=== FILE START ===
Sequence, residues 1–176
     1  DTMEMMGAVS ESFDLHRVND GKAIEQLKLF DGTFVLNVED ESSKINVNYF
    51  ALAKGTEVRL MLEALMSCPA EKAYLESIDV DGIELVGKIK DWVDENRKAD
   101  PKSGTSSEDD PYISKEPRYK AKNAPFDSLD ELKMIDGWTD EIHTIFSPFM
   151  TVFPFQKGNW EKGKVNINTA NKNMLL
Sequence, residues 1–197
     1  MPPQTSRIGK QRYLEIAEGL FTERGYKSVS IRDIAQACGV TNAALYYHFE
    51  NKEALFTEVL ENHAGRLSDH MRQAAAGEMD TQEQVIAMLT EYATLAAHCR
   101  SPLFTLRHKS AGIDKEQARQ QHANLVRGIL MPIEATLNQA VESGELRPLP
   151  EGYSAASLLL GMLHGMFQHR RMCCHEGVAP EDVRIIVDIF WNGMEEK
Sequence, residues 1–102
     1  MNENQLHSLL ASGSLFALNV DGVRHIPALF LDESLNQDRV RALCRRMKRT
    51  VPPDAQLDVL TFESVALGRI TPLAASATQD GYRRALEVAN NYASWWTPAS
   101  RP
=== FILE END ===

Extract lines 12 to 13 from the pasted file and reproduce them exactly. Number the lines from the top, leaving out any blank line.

     1  MNENQLHSLL ASGSLFALNV DGVRHIPALF LDESLNQDRV RALCRRMKRT
    51  VPPDAQLDVL TFESVALGRI TPLAASATQD GYRRALEVAN NYASWWTPAS